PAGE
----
Later today, President Obama will address a joint session of Congress to talk about jobs.
Getting Americans back to work is a central ingredient to the long-term success of virtually every social program, including many supported by our clients. Record levels of poverty and unemployment make it extraordinarily difficult to reduce economic inequity and win battles to end hunger, ensure equal educational opportunities, and create a more just society.
Those of us working toward those goals will come up short unless we take a larger and longer term view that includes economic growth and job creation as a priority.
Until now the political will in Congress has been insufficient to achieve progress on jobs. It will remain so unless more of us speak out and specifically underscore the connection between our missions and the need for bold measures to address the jobs crisis. We must encourage ourselves and others in our sector to look beyond our specific silos, focus on the bigger picture, and raise our voices.
Nonprofit and advocacy organizations focused on human services need to reach out this week – to all of their stakeholders – and explain how and why concerted, bipartisan action on jobs is directly related to the mission of their organization.
What does job creation have to do with, for example, the anti-hunger programs championed by Share Our Strength?According to new numbers released yesterday morning by the U.S. Department of Agriculture, 14.5 percent – or 17.2 million American households – were unable to consistently put food on their tables for their families last year. This year’s rate was virtually unchanged from last year, continuing the prevalence of the highest food insecurity numbers seen in the 16 years that the government has been keeping track.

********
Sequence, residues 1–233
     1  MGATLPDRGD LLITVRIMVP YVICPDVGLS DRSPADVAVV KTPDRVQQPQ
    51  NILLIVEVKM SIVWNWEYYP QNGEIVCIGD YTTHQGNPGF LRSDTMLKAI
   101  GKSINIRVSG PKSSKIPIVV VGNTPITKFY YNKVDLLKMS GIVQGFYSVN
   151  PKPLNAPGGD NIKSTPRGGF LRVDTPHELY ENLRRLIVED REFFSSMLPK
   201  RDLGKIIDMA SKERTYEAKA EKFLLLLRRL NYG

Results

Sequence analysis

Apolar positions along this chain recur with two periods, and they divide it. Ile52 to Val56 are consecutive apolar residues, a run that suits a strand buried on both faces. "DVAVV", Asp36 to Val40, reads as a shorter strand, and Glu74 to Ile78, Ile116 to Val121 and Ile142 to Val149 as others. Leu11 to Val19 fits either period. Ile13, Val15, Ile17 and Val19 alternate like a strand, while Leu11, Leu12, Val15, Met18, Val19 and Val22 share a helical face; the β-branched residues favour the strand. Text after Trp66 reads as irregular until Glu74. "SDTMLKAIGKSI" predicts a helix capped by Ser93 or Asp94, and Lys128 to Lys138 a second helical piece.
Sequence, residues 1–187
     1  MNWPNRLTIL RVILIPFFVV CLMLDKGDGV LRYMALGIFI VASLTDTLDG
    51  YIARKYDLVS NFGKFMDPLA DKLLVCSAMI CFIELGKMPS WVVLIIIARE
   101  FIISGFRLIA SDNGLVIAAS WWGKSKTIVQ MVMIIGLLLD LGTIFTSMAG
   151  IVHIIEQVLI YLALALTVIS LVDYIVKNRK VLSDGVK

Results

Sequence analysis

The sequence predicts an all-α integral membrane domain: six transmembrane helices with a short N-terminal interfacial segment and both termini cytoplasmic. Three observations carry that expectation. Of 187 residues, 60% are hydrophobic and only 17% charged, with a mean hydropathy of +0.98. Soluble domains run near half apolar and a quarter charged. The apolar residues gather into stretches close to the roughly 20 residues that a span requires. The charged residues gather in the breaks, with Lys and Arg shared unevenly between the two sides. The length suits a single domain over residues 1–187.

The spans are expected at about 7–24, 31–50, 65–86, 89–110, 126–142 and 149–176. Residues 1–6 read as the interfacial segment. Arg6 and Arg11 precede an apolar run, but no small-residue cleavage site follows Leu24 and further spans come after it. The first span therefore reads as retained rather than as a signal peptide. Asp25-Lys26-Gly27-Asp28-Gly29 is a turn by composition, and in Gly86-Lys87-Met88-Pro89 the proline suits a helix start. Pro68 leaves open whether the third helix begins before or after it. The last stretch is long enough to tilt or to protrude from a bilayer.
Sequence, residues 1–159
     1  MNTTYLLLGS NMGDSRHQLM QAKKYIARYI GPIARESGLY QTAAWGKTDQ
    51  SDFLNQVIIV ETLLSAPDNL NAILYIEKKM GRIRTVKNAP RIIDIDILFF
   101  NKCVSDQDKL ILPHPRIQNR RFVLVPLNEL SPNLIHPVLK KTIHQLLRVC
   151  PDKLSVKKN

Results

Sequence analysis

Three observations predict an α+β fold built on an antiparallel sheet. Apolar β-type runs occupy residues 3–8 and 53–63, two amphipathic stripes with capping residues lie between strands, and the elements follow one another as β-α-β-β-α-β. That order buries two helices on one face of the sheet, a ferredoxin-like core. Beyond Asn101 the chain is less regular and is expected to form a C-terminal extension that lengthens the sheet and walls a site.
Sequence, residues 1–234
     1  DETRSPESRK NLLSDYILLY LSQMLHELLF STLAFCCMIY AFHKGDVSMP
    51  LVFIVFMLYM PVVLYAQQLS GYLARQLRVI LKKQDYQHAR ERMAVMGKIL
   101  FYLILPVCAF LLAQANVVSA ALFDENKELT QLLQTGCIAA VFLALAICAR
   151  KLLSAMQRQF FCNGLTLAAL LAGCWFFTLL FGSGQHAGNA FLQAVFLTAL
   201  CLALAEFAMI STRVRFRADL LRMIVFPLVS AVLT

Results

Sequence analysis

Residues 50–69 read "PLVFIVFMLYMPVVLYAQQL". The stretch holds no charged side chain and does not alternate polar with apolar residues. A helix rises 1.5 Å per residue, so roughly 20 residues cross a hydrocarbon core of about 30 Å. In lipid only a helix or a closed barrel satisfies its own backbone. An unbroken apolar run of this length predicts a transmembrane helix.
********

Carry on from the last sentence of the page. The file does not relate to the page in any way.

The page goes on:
When more Americans have jobs, they are less likely to need food assistance. And enrolling more children in food programs, as we do through our No Kid Hungry campaign, helps create jobs. For example, if more eligible families participated in essential nutrition programs, states would receive up to $7 billion more from Washington. Those dollars would be spent locally to buy and deliver more food products, creating the possibility for additional jobs at virtually every level of the supply chain.
But the press coverage will be unlikely to draw any connection between the President’s address and these new USDA numbers. The importance of our work to the priority of creating jobs will not be elevated by chance. It is essential for us to understand, act, and speak out on just how intimately these two issues are tied together. And for other organizations to do the same as it relates to their own issue areas.
The national conversation this week and next will be focused almost exclusively on ideas to create jobs. If we nonprofits want to be heard, we must find ways to talk about what we do in that context.
For more analysis of debate and legislation around jobs from the perspective of nonprofits and foundations, please see Independent Sector’s coverage.
This content has been adapted from a blog piece that originally appeared on the Share Our Strength website.